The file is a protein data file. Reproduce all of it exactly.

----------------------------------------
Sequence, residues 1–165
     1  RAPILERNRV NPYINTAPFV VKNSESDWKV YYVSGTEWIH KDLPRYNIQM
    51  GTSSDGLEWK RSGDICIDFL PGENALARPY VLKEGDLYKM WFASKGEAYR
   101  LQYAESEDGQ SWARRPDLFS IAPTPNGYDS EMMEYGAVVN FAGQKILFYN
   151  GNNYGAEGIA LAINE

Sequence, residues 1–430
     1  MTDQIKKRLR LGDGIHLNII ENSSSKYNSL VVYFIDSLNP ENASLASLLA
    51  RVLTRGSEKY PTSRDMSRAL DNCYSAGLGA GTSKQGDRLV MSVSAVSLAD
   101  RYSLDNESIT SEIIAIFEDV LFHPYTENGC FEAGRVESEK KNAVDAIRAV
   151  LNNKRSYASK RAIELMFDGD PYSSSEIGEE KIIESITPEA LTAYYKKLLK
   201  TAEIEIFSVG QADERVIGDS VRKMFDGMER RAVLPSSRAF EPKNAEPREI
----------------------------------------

Sequence, residues 1–165
     1  RAPILERNRV NPYINTAPFV VKNSESDWKV YYVSGTEWIH KDLPRYNIQM
    51  GTSSDGLEWK RSGDICIDFL PGENALARPY VLKEGDLYKM WFASKGEAYR
   101  LQYAESEDGQ SWARRPDLFS IAPTPNGYDS EMMEYGAVVN FAGQKILFYN
   151  GNNYGAEGIA LAINE

Sequence, residues 1–430
     1  MTDQIKKRLR LGDGIHLNII ENSSSKYNSL VVYFIDSLNP ENASLASLLA
    51  RVLTRGSEKY PTSRDMSRAL DNCYSAGLGA GTSKQGDRLV MSVSAVSLAD
   101  RYSLDNESIT SEIIAIFEDV LFHPYTENGC FEAGRVESEK KNAVDAIRAV
   151  LNNKRSYASK RAIELMFDGD PYSSSEIGEE KIIESITPEA LTAYYKKLLK
   201  TAEIEIFSVG QADERVIGDS VRKMFDGMER RAVLPSSRAF EPKNAEPREI